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UCC School of Law Grad Documenting The Experiences of Refugees Fleeing The Syrian Conflict

21 Feb 2018
Michael Prendergast and a member of a UNHCR partner organization interview a family who have benefited from UNHCR’s legal assistance activities at a camp for internally displaced Iraqis in the Kurdistan Region of Iraq, November 2015. © Rave Media

Michael Prendergast is the Associate External Relations Officer with the United Nations Refugee Agency (UNHCR) in Jordan.

How many of us will ever forget the images of Alan Kurdi’s lifeless body washed up on a Turkish beach in September 2015?

The image of the two-year-old refugee lying face down on that beach sparked a wave of outrage across Europe and encouraged thousands of ordinary people to offer their support to those fleeing the violence in Syria.

A little over two years later, the conflict rages on and refugees are still fleeing Syria in small boats and dinghies.

However, coverage of the conflict and the humanitarian crisis associated with it has subsided as the media turn their attention elsewhere and journalist become reassigned.

It is as if the intervention of both Russian and Western military forces and the subsequent retreat of ISIS has brought stability to a country that has endured unrelenting conflict since 2011.

In fact, in recent months, attention has shifted to the Syrian refugees who have begun the process of returning to their homes.

For Michael Prendergast, a UCC School of Law graduate and Associate External Relations Officer with the United Nations Refugee Agency (UNHCR) in Jordan, a different situation exists.

He made it clear that the climate in Syria remains unpredictable, leaving some returning refugees vulnerable to secondary displacement as the various factions in the civil war continue to contest territory.

“Despite conditions improving in some places in Syria and some returns having taken place, the conditions aren’t ready for return”.

“The level of destruction of infrastructure and the unavailability of basic services like running water and education makes it impossible to resume normal life”.

“Not to mention that the conflict has ebbed and flowed in many areas and often caused secondary displacement of people who returned prematurely.”

For Michael, this presents a challenge as there is now “increased pressure from some countries for refugees to return home”.

Presently, there are 5.5 million Syrian refugees in Turkey, Lebanon, Jordan, Iraq and Egypt, with a further 6 million Syrians internally displaced, whose situation has grown “worse over time and any savings they may have had are long gone”.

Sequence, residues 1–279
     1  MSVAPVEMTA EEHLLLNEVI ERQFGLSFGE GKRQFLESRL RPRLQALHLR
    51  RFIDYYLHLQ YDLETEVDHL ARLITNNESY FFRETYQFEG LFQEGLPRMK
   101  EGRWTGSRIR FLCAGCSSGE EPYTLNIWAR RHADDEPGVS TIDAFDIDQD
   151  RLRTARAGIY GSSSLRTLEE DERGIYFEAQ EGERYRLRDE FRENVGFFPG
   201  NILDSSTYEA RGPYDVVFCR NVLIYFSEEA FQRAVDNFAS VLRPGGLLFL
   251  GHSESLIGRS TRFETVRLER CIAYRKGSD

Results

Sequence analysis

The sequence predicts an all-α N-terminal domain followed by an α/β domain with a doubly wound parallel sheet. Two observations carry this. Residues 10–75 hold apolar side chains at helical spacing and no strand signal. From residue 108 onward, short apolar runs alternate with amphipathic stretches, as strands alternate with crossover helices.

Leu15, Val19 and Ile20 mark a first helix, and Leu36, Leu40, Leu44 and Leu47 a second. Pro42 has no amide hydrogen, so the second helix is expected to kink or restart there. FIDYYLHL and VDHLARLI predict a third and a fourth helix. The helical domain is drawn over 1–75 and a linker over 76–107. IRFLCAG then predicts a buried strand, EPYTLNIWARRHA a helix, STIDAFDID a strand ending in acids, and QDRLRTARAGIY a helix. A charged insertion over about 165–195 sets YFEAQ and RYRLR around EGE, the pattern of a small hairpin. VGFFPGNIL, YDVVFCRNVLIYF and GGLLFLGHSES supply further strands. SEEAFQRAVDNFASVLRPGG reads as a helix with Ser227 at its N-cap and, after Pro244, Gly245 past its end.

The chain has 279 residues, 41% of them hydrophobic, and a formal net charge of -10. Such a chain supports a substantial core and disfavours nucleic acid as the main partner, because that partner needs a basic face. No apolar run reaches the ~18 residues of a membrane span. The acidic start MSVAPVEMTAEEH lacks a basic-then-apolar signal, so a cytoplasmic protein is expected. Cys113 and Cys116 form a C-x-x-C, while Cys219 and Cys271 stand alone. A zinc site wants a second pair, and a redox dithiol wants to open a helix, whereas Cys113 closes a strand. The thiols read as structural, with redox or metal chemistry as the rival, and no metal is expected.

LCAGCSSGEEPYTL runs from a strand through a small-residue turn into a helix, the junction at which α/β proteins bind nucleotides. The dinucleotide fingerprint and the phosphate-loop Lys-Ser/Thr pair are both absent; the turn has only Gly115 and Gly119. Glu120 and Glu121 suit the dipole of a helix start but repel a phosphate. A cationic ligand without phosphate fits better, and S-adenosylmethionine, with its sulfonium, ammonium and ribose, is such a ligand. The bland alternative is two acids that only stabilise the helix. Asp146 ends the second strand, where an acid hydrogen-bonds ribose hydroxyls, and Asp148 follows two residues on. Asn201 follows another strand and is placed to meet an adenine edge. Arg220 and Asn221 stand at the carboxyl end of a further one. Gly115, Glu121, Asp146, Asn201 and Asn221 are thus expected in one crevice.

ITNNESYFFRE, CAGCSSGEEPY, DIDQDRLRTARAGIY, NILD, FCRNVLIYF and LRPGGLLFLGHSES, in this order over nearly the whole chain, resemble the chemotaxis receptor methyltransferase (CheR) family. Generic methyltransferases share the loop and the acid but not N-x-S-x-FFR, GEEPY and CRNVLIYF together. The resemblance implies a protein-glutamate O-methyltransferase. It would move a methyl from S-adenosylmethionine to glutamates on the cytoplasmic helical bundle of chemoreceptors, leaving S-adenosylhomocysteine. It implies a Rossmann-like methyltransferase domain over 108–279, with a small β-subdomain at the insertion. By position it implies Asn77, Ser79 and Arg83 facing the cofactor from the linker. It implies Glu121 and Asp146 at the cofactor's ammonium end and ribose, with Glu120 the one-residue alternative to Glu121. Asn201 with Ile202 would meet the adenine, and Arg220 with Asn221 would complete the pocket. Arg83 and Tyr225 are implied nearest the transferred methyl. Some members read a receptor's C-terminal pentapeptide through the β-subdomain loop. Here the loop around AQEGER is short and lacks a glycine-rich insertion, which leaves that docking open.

“This is another reason why the UN constantly needs to convey the continuing needs of the displaced populations to donors”.

“Not only that, but for the international community in general to do whatever it can to end the conflict”.

Performers with Clowns Without Borders get children involved in a show at Kawergosk Refugee Camp.   © UNHCR/M. Prendergast

Performers with Clowns Without Borders get children involved in a show at Kawergosk Refugee Camp.   © UNHCR/M. Prendergast

Michael’s role demands that he and his colleagues at the UNHCR constantly “convey the importance of maintaining asylum space in host countries”.

When Michael first travelled to the Kurdistan region of Iraq in 2015, the region was hosting 1.2 million internally displaced persons, in addition to a further 250,000 Syrian refugees.

To put that into context, a region a little more than half the size of Ireland was hosting a displaced population that amounted to one quarter of its own at a time when the Kurdistan region was also suffering a crippling economic crisis.

The scale of the humanitarian crisis and the burden placed on countries in the Middle East dwarfed anything seen in Europe and, for Michael, this really put things into perspective, “especially given the anti-refugee rhetoric which is increasingly present in the media and in politics”.

Consequently, as the crisis becomes more prolonged, “there is a need to maintain the profile of the general humanitarian needs in the international community so that we can continue to raise funds for the life saving work that the UNHCR and its humanitarian partners carry out”.

This is particularly pertinent for Michael and his colleagues, as conditions in Syria are not yet in place for refugees to return and, although donors have responded commendably to the crisis, there is a risk of donor fatigue setting in.

Indeed, much of the message that UNHCR was portraying in 2015 remains today as they continue to highlight the immediate needs of the displaced population and the extraordinary generosity of the countries who continue to host the large majority of refugees.

Building on the success of UCC School of Law’s LLM International Human Rights Law and Public Policy, our Centre for Criminal Justice and Human Rights enjoys an international reputation for excellence in teaching and research in the fields of in human rights and refugee law.


Listen to our full interview with Michael Prendergast on the Law and Justice Podcast

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